Posen, Part 1 of 2
History of an Old Polish Settlement in Northern Michigan
By Dr. Stephen Wloszczewski
In Northern Michigan, 260 miles north of Detroit, amidst primitive nature, on rocky, barren soil, among the timeless forests through which even today roam bears, wolves and lynx, lies - Posen.
Posen - ancient Polish city, seat of the Primate, not above the Warta River but midst the Michigan forests.
It was relatively simple to solve the riddle as to why the grandfathers and great-grandfathers of present inhabitants of Posen settled in this wilderness.
An agent of the Federal government was stationed in Detroit, selling homesteads for three to five dollars per huge section of land. There was only one condition: five years of residence and cultivation. Every German laborer in the sawmills, breweries, and other workshops in Detroit was informed of this. The same must have been true in the other larger urban settlements of Michigan - Grand Rapids, Bay City, Port Huron.
The Poles, as it is known, came at that time exclusively from the Prussian part of Poland and some spoke German very well. As workers of Germans they got information from them.
This is exactly how the first Polish village settlement - Parisville in Michigan, lying 100 miles north of Detroit - had its beginning. Parisville, as the Poles named it, was established 20 years before Posen. Twenty years after Parisville, perhaps even 15, when in all probability the better lands in Southern Michigan had already been sold, the parceling of lands into homesteads began around Alpena and Rogers City.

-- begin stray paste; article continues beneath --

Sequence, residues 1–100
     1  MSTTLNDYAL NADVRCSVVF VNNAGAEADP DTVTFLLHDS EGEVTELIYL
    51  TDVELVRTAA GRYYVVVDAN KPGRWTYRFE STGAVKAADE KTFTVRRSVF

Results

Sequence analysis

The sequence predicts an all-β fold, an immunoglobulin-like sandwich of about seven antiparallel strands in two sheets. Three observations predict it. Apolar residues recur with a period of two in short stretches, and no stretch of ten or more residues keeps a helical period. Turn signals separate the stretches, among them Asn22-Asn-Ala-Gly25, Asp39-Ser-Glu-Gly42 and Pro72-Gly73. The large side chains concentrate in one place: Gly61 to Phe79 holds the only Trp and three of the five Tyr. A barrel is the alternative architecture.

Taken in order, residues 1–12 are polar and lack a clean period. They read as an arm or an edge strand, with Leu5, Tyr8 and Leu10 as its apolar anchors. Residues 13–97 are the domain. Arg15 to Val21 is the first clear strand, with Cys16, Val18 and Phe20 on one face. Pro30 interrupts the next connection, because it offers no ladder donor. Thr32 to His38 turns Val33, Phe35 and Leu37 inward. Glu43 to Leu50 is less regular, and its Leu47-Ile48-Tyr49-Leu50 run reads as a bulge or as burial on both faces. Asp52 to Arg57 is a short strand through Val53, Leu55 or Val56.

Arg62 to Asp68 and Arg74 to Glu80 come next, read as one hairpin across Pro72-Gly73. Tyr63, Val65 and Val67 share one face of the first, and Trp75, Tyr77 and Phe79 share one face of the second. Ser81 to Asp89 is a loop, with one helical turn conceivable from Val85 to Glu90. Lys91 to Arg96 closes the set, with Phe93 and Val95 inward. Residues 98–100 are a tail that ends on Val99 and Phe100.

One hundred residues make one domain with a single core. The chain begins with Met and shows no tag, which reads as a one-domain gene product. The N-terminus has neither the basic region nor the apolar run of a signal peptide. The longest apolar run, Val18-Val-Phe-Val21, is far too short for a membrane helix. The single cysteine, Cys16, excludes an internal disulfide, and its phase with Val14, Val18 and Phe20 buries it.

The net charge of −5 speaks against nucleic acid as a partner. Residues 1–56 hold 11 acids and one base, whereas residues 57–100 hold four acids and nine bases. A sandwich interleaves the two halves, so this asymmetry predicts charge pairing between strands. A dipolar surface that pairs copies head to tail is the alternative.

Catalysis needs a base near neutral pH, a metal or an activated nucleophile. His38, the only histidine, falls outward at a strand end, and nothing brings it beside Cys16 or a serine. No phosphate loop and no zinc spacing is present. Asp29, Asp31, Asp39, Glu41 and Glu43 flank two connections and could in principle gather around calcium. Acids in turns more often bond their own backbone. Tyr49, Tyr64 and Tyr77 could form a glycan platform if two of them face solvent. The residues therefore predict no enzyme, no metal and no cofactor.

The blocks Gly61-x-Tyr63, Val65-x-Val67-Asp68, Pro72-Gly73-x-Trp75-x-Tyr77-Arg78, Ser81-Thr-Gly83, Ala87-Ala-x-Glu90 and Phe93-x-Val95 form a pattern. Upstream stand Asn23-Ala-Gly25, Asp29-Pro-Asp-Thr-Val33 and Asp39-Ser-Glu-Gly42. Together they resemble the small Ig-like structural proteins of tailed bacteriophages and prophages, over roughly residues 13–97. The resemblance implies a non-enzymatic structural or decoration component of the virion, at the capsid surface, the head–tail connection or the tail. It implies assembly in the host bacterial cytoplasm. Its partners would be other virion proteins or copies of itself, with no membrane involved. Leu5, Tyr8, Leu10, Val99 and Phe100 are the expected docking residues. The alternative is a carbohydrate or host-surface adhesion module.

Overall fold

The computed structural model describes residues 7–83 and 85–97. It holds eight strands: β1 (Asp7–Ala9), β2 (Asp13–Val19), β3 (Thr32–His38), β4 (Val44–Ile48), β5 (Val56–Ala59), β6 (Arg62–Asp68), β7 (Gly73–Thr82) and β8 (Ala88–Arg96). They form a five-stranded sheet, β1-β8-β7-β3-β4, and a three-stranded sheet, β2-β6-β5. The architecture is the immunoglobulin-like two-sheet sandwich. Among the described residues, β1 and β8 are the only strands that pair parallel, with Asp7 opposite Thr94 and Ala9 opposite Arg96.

This was the motive for the coming of the prospective settler from Detroit by boat to the two ports on Lake Huron - Port Huron and Alpena, and perhaps Tawas. At Port Huron it was necessary to transfer from one boat to another and more than once the voyage of the Polish homesteader ended here.
On occasions money was lacking even for the voyage to Port Huron. Then the impoverished traveler set out on foot.
One of the oldest farmers in Posen, Francis Szmigielski, 91 years old, told the writer that his father began the journey from Detroit to Alpena on foot. He carried a rifle, (with which he killed four wolves along the way), a small barrel of flour (sacks were not in use then), and a small, woodburning stove.
There was also another motive for the coming to this locality of the first Polish settlers. Perhaps even a more universal one. The youth who was oppressed by parental discipline and who desired to emancipate as soon as possible, - took off into the forests of Michigan to labor in the lumber camps. One of the famous lumber barons of his day was Albert Molitor, former Prussian officer. He erected huge living barracks in the vicinity of present day Posen, and beside them canteens and stores where the workers were forced to buy everything and pay heavily for it. This was unmerciful profiteering and as a result of this system every one of Molitor's workers was always up to his ears in debt with flight as the only relief. Wojda, for example, once escaped through a window, at night, leaving his belongings behind him. Others did the same. This inhuman profiteering was ended only by death. Molitor was killed by another German.
Continued next Friday...
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It's no secret that I'm a fan of the University of Michigan, it's my alma mater. I'm also a big fan of angels. So it's only natural that I have a Michigan Angel on my Christmas tree. I picked up this ornament at a little gift shop in Dearborn, Michigan.